You Can Add Photo Captions On Twitter For Accessibility & Here's How

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Twitter is a world of its own, and there are plenty of ins and outs to help you navigate the site... whether you're aware of them or not. Lately, one relatively unfamiliar feature has been getting a lot of hype, and for good reason. Here's how to add photo captions on Twitter for accessibility so no one misses out on the shenanigans.

There's nothing quite like a sarcastic tweet from the likes of social media royalty Chrissy Teigen or a funny GIF gaining popularity. Though finding these gems is second nature to us, some users cannot access the same experience due to blindness or other vision impairments. However, Twitter user Rob Long, a blind veteran injured in Afghanistan, is spreading the word on how to make the site more inclusive for everyone.

In a video that has now gone viral, Long explains the importance of captioning photos for blind and sight-impaired users, something many of us probably didn't even know existed. Don't fret: It's an additional feature that doesn't mess with your character count. Long said,

One of the obstacles for us is, obviously, images. There’s a lot of users who are heavily based on posting funny images, or images to do with their artwork or photography, and stuff like that. And Twitter have [sic] made it accessible for us and our voiceover technology by allowing you to put a description up of your images, which doesn’t affect your Twitter character limit or anything like that. And it won’t show up for users who haven’t got the voiceover technology on. So it won’t really affect your post at all. But it makes a massive, massive difference to a blind or visually impaired Twitter user. Obviously, we can participate in your posts a lot easier.

Alright, let's say you made a hilarious photo that all pop culture junkies need to see. How do you make this image accessible to everyone? Here's everything you need to know to help not only catapult you to viral status, but how to make sure all users can experience the greatness.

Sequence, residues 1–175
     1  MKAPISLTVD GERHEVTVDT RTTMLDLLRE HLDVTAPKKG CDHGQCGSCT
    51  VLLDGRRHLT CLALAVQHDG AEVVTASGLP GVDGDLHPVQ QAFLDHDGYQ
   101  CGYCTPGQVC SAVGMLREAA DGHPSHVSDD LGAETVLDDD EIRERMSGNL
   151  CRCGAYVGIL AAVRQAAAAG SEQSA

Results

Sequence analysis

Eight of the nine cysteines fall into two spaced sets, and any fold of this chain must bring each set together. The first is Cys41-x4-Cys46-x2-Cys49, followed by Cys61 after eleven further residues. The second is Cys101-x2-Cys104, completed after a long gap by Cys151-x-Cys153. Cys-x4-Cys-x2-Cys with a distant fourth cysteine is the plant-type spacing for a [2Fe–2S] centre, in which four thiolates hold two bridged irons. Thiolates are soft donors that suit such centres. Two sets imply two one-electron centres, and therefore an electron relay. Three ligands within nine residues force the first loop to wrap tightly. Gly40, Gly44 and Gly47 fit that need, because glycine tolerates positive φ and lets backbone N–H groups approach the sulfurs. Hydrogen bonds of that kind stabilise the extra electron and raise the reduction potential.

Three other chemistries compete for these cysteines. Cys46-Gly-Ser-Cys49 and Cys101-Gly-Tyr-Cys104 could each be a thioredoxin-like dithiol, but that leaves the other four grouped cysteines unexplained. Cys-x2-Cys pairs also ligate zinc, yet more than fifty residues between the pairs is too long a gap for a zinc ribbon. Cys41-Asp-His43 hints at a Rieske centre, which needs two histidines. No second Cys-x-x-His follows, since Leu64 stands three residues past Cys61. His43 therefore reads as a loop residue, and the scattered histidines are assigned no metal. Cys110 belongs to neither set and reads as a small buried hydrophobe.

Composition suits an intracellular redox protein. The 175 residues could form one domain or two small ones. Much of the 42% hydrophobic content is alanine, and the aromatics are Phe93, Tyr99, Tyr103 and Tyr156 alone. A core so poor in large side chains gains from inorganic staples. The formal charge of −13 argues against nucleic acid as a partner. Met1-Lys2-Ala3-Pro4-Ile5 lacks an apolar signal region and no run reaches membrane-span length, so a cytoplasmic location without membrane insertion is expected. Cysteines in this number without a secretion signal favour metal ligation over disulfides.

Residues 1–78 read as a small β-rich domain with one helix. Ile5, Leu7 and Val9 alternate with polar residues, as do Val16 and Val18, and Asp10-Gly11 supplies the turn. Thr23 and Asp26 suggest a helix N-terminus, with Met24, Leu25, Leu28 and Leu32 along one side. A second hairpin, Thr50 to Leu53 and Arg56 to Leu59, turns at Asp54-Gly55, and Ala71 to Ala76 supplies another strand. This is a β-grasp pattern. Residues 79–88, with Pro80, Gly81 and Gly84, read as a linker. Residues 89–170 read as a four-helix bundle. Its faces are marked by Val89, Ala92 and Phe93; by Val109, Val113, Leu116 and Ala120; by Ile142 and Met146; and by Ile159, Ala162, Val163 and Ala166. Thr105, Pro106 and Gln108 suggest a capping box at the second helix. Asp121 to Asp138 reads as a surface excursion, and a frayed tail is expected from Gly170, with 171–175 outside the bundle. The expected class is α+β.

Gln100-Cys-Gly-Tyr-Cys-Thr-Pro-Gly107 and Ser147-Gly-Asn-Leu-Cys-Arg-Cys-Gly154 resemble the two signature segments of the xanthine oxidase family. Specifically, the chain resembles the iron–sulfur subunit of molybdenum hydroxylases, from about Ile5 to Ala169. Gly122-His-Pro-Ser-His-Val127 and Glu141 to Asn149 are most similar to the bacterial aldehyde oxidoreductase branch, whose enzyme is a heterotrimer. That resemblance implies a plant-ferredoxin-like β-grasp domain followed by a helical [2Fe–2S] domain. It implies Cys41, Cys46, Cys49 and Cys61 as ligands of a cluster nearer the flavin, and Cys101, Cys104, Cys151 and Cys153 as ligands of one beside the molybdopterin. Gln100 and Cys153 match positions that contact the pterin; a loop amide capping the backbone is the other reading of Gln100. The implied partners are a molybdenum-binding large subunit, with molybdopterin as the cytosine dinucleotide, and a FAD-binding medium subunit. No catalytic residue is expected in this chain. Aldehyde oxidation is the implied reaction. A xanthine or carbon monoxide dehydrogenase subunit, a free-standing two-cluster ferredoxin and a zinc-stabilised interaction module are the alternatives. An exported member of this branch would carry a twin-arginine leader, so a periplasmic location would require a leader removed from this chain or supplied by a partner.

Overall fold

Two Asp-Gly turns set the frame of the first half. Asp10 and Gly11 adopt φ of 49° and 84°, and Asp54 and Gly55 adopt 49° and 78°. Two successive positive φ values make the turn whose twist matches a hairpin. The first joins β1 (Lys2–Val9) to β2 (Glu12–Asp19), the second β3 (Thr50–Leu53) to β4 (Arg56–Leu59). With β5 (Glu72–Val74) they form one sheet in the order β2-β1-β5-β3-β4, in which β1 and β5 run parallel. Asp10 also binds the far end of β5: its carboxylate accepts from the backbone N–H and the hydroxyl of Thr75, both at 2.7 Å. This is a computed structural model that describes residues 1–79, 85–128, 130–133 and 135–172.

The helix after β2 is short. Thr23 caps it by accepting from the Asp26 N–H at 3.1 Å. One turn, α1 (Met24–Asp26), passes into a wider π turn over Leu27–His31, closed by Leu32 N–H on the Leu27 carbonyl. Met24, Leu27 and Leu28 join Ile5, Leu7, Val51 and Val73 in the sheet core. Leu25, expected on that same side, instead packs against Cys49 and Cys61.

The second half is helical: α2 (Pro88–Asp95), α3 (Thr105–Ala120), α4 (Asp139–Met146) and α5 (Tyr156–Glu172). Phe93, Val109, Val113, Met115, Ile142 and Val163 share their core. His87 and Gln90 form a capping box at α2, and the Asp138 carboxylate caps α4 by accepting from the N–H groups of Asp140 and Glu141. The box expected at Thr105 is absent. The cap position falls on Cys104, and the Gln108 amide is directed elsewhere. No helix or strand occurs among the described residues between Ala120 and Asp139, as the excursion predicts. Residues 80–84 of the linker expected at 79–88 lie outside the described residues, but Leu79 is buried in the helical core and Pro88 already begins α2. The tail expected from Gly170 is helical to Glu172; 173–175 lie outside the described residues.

Since captioning your photos is not an automatic feature, you have to manually adjust your settings. Make your way to Settings & Privacy and then click Accessibility. From there, you have the option to "Compose image descriptions." Voila! That's all you need to do to make a descriptive photo caption so all users get a sense of what you're sharing.

It might seem like a small change, but it can make a huge difference to users like Long. Taking this extra step could make your message all the more strong. In a tweet, Long highlighted the importance of photo captions and said,

I’m a blind twitter user. There are a lot of us out there. Increase your ability to reach us and help us interact with your pictures, it’s really simple and makes a huge difference to our twitter experiance [sic] allowing us to see your images our way.

Let this be a lesson for popular Twitter users like Adam Ellis (@moby_dickhead). The world has followed alongside Ellis as he shares updates from alleged paranormal hauntings in his Manhattan apartment. These threads, known as "Dear David," have captured the hearts and instilled fear (and skepticism) in Twitter users everywhere. No one should miss out on the creepy photographs and unexplainable videos.

However, regardless of the content, it's important that everyone feels entitled to the same material. It might not have been something you considered before, but a brief caption can go a long way. Give it a try before sharing your next viral-worthy material.

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